One wealth management strategy that has gained popularity in past years with many individual retirement account customers involves creating a limited liability company wherein the IRA accountholder is named the manager of the LLC.The accountholder retains control of all the assets held by the LLC. This includes having signature control over all accounts under the LLC on a day-to-day basis. Here's a quick run-down of some important facts.
The foundation of this strategy is based upon a Supreme Court case (Swanson v. Commissioner, 106 T.C. 76 (1996)) wherein the court rejected the Internal Revenue Service position that the structure constituted a prohibited transaction.
Many attorneys who assist clients in setting up such arrangements may also refer to various advisory opinions issued by the Department of Labor that have addressed similar issues, such as DOL Advisory Opinion 97-23A and 2000-10A. These opinions tend to focus on a specific set of facts and circumstances relating to an individual transaction and are normally quoted by attorneys as a general guide as to how the government views such activity.
Authorizing initial investments
Overall, the structuring of this arrangement is fairly easy. Accountholders need to work with a competent attorney and advisor who are familiar and experienced with the concept. These professionals will form the limited liability company and generate and file all the necessary documents.
Next, accountholders should contact the IRS and obtain a separate tax identification number for the LLC. Accountholders will then need to establish a bank or brokerage account under the name of the LLC. Finally, the accountholder instructs the IRA custodian to deposit IRA assets into the newly formed LLC. This is accomplished by completing the applicable investment authorization form provided by the custodian.
The accountholder will also need to provide the IRA custodian with the operating agreement for the LLC, properly executed subscription documents, and an opinion letter from an attorney indicating that the initial structure does not constitute a prohibited transaction. Upon receipt of these items, the IRA custodian releases funds to the LLC.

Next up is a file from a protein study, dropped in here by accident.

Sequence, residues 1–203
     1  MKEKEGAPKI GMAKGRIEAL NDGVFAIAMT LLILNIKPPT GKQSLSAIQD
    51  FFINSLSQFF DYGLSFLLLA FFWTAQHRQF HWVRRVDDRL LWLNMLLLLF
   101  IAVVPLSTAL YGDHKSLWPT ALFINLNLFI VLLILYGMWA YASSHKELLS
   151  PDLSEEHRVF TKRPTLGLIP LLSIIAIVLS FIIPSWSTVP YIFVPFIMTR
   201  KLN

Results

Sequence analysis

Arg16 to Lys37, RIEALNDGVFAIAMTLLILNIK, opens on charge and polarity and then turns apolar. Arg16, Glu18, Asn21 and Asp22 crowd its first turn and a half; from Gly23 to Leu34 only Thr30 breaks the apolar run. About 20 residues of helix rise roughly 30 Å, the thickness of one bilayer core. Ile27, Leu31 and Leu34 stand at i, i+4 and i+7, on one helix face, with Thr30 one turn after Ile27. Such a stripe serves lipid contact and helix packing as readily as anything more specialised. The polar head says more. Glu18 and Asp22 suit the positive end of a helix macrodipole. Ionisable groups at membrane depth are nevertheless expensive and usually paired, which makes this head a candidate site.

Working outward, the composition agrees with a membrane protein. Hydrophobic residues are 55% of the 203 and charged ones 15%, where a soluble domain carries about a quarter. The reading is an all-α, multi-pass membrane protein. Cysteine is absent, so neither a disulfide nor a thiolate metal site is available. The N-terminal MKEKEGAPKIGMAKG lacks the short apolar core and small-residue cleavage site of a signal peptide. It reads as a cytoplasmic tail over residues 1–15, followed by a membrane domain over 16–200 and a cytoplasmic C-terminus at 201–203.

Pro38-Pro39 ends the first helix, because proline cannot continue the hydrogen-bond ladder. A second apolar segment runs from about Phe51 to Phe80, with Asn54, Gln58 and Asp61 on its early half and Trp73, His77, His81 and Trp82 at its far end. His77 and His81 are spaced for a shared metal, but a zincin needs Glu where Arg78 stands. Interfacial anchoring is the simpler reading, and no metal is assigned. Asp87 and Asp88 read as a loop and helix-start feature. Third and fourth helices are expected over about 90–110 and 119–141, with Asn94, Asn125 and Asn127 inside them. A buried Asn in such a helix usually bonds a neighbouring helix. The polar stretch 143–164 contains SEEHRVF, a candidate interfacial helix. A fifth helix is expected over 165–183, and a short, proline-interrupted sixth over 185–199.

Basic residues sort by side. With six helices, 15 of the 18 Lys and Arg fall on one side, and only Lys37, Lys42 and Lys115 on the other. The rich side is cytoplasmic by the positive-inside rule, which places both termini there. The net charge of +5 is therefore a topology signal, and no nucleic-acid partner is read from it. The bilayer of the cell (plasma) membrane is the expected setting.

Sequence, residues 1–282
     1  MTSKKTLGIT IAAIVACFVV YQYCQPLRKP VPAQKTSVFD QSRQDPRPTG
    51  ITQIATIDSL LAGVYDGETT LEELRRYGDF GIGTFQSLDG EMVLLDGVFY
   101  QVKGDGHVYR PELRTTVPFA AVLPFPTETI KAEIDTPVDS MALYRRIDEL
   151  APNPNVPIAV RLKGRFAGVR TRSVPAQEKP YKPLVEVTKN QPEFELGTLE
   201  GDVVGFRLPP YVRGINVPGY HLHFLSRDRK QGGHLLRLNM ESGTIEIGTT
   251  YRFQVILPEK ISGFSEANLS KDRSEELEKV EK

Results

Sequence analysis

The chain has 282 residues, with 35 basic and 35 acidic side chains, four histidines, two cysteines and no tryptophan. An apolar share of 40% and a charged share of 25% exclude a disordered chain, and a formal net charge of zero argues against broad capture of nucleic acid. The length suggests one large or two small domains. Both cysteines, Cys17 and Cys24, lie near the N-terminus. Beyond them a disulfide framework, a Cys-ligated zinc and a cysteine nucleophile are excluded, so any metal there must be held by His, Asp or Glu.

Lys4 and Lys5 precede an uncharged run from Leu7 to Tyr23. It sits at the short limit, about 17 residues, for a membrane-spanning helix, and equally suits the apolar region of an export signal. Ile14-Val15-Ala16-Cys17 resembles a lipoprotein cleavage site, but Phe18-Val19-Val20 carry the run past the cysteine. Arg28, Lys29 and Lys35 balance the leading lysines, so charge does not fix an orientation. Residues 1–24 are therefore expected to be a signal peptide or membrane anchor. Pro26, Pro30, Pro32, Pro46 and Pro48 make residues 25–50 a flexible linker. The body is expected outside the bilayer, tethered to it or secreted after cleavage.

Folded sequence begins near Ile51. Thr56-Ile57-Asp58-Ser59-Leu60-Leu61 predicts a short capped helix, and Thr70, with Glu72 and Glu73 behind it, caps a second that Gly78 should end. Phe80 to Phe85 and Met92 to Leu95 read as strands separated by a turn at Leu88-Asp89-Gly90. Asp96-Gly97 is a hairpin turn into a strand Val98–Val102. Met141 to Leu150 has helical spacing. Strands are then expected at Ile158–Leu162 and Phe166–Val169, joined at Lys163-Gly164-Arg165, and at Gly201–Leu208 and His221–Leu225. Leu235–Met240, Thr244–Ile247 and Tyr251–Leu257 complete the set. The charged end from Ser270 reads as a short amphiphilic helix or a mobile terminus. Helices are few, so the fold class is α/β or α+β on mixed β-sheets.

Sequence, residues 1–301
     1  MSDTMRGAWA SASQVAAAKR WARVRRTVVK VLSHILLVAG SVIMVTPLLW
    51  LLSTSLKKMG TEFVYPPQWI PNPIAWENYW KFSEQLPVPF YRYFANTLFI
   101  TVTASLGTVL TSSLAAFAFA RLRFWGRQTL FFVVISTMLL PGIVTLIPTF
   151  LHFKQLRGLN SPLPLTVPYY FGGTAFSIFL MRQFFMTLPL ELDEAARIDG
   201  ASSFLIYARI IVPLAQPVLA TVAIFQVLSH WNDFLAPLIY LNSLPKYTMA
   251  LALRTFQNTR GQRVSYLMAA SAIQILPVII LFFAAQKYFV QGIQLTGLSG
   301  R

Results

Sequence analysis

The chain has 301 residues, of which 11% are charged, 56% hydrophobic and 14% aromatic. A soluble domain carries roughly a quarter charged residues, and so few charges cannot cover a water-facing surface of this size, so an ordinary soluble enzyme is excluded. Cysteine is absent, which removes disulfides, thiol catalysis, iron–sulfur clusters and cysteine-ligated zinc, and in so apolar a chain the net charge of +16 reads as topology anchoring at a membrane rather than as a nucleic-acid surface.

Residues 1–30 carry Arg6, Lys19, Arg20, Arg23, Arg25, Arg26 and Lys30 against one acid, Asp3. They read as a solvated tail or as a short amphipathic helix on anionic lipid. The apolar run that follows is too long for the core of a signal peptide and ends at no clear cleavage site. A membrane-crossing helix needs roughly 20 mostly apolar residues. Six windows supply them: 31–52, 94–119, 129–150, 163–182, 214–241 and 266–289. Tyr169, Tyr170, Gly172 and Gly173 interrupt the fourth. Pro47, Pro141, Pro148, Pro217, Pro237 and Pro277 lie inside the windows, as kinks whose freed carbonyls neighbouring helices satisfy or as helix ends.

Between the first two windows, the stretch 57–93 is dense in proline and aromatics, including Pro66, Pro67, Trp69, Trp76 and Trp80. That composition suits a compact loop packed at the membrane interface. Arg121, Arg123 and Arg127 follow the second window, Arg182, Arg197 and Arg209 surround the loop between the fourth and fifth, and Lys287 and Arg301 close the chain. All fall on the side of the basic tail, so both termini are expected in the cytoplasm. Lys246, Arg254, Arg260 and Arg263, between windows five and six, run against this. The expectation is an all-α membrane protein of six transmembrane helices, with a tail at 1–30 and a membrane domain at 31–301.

This arrangement does not remove the IRA custodian from the account. Assets are consolidated under the LLC, which now becomes the sole asset of the accountholder's self-directed IRA. When all is said and done, the IRA statement from the custodian will simply reflect one asset, i.e., the LLC.
Accountholders will need to provide an annual market value for the LLC to the IRA custodian once a year for tax reporting purposes (some custodians may require a valuation from a third party). The custodian will use this information to file Form 5498 with the IRS at the end of each year.
The limited liability company operating agreement outlines the various powers of the manager of the LLC. Operating agreements should be drafted by an attorney and usually contain disclosures regarding day-to-day operations. It is very important that the IRA accountholder understand these restrictions.
The most notable concern is focused on operating the LLC in such a way as to not cause a prohibited transaction. For example, many attorneys recommend that the IRA accountholder not take any management fee from the LLC, as this may result in a violation of the prohibited transaction rules.
Note that merely acting as the manager of a limited liability company does not, in and of itself, create a prohibited transaction. It is the actions of the manager on a day-to-day basis that will determine if a prohibited transaction has occurred. IRA accountholders wishing to utilize an LLC strategy need to exercise great care in the management of the LLC and need to have a deep understanding of the prohibited transaction rules in order to ensure compliance.
Generating taxable income
If your IRA or LLC invests in things that produce unrelated business income, and the net income from these investments exceeds $1,000 in any given year, your IRA/LLC could be subject to the unrelated business income tax.